I. The problem. The Riemann zeta function is the function of the complex variable s, deﬁned in the half-plane1 (s) > 1 by theabsolutely convergent series ζ(s) := 1 , ns n=1
and in the whole complex plane C by analytic continuation. As shown by Riemann, ζ(s) extends to C as a meromorphic function with only a simple pole at s= 1 , with residue 1 , and satisﬁes the functional equation s 1−s π −s/2 Γ( ) ζ(s) = π −(1−s)/2 Γ( ) ζ(1 − s). 2 2 (1)
In an epoch-making memoir published in 1859, Riemann [Ri] obtained ananalytic formula for the number of primes up to a preassigned limit. This formula is expressed in terms of the zeros of the zeta function, namely the solutions ρ ∈ C of the equation ζ(ρ) = 0 . In this paper,Riemann introduces the function of the complex variable t deﬁned by 1 s ξ(t) = s(s − 1) π −s/2 Γ( ) ζ(s) 2 2 with s = 1 +it, and shows that ξ(t) is an even entire function of t whose zeros have 2imaginary part between −i/2 and i/2 . He further states, sketching a proof, that in the range between 0 and T the function ξ(t) has about (T /2π) log(T /2π) − T /2π zeros. Riemann then continues: “Manﬁndet nun in der That etwa so viel reelle Wurzeln innerhalb dieser Grenzen, und es ist sehr wahrscheinlich, dass alle Wurzeln reell sind.”, which can be translated as “Indeed, one ﬁnds between thoselimits about that many real zeros, and it is very likely that all zeros are real.” The statement that all zeros of the function ξ(t) are real is the Riemann hypothesis. The function ζ(s) has zeros at thenegative even integers −2, −4, . . . and one refers to them as the trivial zeros. The other zeros are the complex numbers 1 + iα 2 where α is a zero of ξ(t). Thus, in terms of the function ζ(s), we canstate Riemann hypothesis. The nontrivial zeros of ζ(s) have real part equal to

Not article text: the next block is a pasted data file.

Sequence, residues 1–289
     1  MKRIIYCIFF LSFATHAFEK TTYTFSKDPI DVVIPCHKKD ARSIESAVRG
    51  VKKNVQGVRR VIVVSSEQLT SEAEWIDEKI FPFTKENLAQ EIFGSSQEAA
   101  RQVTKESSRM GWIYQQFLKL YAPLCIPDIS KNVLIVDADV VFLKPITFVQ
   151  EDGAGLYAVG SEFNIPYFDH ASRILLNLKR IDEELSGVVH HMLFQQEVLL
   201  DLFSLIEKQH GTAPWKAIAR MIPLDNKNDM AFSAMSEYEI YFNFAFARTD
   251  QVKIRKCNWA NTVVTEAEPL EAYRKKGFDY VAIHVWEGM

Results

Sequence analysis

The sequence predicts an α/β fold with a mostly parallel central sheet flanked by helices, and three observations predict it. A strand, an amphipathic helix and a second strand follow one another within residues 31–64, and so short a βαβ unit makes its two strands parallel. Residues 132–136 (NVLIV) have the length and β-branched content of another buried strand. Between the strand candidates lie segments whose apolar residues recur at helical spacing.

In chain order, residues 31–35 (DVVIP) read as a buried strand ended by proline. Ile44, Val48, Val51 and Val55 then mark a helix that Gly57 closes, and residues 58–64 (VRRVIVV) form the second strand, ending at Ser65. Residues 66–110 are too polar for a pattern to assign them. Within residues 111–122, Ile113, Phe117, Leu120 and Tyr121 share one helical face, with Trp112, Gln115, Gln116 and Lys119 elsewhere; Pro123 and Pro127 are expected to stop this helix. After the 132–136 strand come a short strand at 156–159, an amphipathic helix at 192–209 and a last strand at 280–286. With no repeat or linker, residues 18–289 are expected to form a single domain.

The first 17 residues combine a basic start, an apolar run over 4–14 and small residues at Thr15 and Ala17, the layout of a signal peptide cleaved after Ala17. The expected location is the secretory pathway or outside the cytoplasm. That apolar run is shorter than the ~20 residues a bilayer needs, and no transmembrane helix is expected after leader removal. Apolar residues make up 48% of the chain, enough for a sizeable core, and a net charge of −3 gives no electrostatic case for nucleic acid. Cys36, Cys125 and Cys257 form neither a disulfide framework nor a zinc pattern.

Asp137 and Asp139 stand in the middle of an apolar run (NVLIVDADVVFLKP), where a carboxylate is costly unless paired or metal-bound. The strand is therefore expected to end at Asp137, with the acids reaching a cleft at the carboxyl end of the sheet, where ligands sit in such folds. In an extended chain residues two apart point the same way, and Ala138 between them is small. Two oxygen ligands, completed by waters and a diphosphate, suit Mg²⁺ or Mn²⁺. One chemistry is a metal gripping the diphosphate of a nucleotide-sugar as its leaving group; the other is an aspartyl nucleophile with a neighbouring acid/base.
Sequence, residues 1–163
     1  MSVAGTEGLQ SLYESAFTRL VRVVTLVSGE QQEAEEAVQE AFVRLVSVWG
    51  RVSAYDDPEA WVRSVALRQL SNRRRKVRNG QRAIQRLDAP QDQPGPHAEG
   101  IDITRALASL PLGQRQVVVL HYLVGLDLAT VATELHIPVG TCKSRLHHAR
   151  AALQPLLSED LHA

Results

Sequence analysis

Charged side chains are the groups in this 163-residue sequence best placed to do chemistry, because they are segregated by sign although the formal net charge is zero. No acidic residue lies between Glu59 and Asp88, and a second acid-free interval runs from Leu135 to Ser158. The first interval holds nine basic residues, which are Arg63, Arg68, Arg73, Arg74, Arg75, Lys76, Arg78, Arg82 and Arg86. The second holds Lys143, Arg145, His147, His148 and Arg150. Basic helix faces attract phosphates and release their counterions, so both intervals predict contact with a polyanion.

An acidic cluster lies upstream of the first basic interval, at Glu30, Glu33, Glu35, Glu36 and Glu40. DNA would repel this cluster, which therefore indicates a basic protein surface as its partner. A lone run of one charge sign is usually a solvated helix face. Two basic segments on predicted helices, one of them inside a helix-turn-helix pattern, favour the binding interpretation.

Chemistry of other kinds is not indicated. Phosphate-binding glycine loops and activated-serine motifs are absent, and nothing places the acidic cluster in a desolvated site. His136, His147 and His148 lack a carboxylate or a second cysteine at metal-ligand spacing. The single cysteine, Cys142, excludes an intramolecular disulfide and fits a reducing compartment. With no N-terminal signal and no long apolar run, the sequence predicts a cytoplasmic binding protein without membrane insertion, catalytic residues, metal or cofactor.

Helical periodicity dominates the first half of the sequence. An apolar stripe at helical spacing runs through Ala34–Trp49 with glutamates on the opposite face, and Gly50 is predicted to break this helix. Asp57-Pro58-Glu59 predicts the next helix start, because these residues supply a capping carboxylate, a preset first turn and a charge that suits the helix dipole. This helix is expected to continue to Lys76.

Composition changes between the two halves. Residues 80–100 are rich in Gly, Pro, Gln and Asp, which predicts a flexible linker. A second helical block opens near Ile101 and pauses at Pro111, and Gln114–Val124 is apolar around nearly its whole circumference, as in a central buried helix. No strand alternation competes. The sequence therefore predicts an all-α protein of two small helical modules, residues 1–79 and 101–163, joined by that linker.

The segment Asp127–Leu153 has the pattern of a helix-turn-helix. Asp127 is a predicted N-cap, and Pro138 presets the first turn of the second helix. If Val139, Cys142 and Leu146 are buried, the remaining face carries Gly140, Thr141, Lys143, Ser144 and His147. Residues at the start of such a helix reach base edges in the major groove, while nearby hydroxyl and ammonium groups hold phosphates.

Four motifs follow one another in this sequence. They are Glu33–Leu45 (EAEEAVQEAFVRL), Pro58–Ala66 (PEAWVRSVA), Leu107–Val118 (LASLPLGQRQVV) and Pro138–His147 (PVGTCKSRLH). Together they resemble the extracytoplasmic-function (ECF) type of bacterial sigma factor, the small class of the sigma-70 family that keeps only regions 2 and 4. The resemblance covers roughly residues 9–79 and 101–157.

In the opinion of many mathematicians the Riemann hypothesis, and its extension to general classes of L...